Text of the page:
Tuesday, February 1, 2011
Mikey Jukebox - S/T
Is the computer processing and manipulation of digitized sound musicianship?
I just returned from winter NAMM 2011 in Anaheim, California. NAMM is the “National Association of Music Merchants,” a music trade group that has hosted the largest trade show in North America at the Anaheim Convention Center since the early to mid-1980’s. Over 1,600 exhibitors display their latest and greatest in musical instruments, accessories and wizardry. It also hosts hundreds of industry concerts, appearances and parties.
While there I watched Roland, a giant Japanese electric amplifier and effects manufacturer and distributor, put its real time pitch-correction and instantaneous keyboard generated harmonic choirs with digital drums midi instrumentation machines through their paces. The results were phenomenal. It would be difficult to differentiate between a very good singing group and the keyboard synthesized computer generated one.
Roland offered me the opportunity to see Yngwie Malmsteen and Rising Force at a concert in downtown Disney at the House Of Blues. Before the concert Roland held the Finals of its “International Looper Competition.” A looper is a digital foot switch array that allows one to store sounds and repeat them in a continuous loop subject to being turned on and off via a foot pedal switch. Depending upon the mode, and the number used, multiple separate soundbytes can be stored, looped and recalled. The winner of the Competition was Simon Shlomo Kahn, an English beatboxer. With only his voice and the looper he was able to create strings, horns, drums, punctuation, mirroring, echo-phasing, bass and harmony. Other competitors made bottles sound like Bjork songs with the assistance of the looper effects modules.
This brings me to Mike James’ project - Mikey Jukebox. Mike James has been in the industry since he was a little child. He started playing drums in clubs when he was six and learned to play the guitar at the age of sixteen. By the time he was twenty he was writing and performing all the instruments on demos - guitar, bass, drums, keys/synth, and percussion - and multitracking them. The ten track album Mikey Jukebox was recorded, scrapped, re-recorded, processed and reprocessed. Sometimes 90 different tracks were used to create the music. James takes on the persona of Mikey Jukebox and releases this album as “self-titled.”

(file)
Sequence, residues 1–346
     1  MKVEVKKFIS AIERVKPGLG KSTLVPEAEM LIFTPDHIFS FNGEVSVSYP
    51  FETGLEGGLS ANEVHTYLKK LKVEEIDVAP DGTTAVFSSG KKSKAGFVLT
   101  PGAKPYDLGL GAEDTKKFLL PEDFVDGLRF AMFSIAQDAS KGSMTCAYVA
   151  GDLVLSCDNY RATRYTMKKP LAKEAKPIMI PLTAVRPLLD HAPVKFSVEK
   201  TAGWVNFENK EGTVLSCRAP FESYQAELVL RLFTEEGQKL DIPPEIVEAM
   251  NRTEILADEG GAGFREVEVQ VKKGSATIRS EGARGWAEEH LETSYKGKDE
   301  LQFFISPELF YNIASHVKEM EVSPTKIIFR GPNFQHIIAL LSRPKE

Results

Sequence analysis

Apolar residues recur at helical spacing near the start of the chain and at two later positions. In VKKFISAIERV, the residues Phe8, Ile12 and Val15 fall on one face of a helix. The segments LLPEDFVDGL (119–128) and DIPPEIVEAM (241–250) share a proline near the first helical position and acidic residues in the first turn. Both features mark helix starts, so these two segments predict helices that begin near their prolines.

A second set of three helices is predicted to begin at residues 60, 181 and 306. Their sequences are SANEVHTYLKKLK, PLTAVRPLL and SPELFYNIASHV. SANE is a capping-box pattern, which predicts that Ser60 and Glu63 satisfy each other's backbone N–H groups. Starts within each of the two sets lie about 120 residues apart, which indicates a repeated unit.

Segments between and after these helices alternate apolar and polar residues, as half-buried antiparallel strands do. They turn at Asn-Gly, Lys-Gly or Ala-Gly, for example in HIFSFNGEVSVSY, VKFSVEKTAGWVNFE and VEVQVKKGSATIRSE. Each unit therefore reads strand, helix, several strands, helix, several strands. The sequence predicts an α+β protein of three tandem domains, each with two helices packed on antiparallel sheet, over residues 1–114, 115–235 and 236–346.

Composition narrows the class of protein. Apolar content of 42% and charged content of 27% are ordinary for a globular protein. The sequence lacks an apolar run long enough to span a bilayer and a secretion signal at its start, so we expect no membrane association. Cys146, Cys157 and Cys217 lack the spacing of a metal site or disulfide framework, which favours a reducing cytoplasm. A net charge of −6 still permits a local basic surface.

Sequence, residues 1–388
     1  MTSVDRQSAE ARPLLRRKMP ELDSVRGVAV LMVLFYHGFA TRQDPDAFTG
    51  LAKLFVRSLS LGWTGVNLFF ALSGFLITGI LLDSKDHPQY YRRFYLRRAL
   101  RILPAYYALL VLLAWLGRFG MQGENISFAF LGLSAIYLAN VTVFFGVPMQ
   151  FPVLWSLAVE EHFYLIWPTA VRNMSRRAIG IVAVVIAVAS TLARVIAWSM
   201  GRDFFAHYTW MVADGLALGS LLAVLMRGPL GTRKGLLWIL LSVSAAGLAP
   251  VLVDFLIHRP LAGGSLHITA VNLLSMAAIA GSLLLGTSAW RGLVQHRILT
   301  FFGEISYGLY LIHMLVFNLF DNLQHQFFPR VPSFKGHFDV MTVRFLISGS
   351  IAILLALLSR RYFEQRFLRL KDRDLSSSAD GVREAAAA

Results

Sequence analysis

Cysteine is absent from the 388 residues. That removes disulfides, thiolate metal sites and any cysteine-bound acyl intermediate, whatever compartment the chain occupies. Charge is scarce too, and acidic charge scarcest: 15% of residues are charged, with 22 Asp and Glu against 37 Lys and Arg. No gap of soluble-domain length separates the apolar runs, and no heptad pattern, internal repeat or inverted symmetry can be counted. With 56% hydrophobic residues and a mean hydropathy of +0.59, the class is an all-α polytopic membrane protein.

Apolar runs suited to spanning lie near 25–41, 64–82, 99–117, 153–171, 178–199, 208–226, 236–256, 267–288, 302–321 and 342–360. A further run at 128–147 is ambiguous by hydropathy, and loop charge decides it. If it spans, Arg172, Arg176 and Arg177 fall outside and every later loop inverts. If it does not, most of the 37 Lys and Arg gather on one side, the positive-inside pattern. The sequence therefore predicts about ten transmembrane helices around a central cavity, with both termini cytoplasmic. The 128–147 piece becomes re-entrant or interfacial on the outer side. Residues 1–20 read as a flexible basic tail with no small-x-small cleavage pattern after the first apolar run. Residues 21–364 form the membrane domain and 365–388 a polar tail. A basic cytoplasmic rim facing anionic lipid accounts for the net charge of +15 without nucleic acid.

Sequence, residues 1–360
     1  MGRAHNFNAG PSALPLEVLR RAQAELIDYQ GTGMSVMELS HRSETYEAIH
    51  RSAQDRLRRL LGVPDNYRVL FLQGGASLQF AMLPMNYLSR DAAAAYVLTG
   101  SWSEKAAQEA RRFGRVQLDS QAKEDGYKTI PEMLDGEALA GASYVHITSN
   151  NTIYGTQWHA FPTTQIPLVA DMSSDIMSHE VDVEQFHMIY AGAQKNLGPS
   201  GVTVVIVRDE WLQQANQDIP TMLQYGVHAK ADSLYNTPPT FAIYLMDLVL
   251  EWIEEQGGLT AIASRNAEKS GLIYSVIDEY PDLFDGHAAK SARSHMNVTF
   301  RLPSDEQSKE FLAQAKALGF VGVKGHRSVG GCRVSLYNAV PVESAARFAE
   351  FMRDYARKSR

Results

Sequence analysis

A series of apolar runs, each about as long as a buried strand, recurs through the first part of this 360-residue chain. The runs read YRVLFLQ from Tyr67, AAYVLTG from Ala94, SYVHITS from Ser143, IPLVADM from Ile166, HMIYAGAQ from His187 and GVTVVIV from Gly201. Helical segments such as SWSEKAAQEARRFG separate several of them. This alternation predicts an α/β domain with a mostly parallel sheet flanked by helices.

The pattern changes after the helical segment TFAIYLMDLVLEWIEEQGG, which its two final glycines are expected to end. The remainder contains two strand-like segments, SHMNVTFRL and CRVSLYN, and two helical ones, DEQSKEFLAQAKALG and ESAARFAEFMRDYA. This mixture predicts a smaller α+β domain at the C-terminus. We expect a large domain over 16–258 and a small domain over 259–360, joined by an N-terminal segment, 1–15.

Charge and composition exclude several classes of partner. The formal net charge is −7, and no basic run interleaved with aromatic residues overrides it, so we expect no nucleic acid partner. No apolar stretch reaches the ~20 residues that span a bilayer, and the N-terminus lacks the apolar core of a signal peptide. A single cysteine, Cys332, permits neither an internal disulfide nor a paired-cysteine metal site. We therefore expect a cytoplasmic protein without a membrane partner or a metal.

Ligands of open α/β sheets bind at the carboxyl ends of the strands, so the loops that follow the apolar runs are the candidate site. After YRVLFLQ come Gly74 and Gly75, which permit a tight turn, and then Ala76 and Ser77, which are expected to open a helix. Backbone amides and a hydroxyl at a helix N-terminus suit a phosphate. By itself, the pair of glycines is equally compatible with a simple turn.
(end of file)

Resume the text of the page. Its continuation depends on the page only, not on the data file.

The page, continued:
Mind you, the album contains some of the best “pop” songs I’ve heard in a very long time. Sounds bounces all over the place. It literally pops out of the speakers. Harmonies are unexpected and exceptional. There is a glam rock glory feel to the tracks. Instrumentation is powerful and compelling, and it is all digitized, computerized, processed, and programmed into place.
I suppose since the first bluesman played electric through a torn speaker musicians have been engaged in sound processing. “Mikey“ James “Jukebox “ just seems to taken it to the next level. His creations are a sound factory. By playing all of the instruments and digitizing them into bytes and then separating them into tracks he is able to choose where and when any particular sound or pattern will appear or, rather, sound. He then can process them to create the illusion of grand instrumentation. Most of the album is produced by midi keyboard synthesizers. However great this music is, and it is great music, does all this production show great musicianship?
Computer sound processing, is now the chosen method of production. Computer programs can change, correct, relocate and process any sound. Less time is spent in the studio and more time is spent with editing software. James started this project in 2007, scrapped the original project and started over. He is a perfectionist with amazing technical sound processing prowess. There is no question about that and I love listening to this album, but can this editing and production technical prowess qualify as musicianship?
Electronica has been around for quite some time. These artists manipulate synthesizers and midi-triggering devices to create sounds that could not otherwise be created with the acoustic instruments at hand. Electronica artists play computer chips. Yet, even electronica is different than what “Mickey Jukebox” accomplishes. In electronica the musicians play with a bank of sounds. Mike James’ post recording sound processing recombines those sounds in ways the artists may never have played or intended to play them.
Today and tomorrow the musical instrument of choice is and will be the computer. James probably can never tour this album since I do not think there is any way it could ever be played live with the same sound heard on the album. It is his technical computer processing skill that makes this album so great and, I suppose, in today’s day and age that is the equivalent of an instrumentalist’s musicianship. It is just that the computer is now the instrument and the possibilities are endless.
- Old School
buy here mp3: Mikey Jukebox
buy here: Mikey Jukebox